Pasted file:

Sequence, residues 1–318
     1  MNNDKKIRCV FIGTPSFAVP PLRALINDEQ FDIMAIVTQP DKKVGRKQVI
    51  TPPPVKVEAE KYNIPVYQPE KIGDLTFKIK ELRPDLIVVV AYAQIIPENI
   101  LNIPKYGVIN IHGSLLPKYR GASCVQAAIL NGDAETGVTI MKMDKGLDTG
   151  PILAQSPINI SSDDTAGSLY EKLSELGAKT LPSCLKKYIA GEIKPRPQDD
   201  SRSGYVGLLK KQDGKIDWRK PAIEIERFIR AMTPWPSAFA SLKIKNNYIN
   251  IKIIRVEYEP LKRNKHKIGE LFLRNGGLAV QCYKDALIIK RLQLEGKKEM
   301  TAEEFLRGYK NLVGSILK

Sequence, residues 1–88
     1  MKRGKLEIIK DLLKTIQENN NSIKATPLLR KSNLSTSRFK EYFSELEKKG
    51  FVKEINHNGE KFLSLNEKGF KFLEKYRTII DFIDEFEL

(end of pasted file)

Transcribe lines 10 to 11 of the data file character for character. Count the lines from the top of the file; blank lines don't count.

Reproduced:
     1  MKRGKLEIIK DLLKTIQENN NSIKATPLLR KSNLSTSRFK EYFSELEKKG
    51  FVKEINHNGE KFLSLNEKGF KFLEKYRTII DFIDEFEL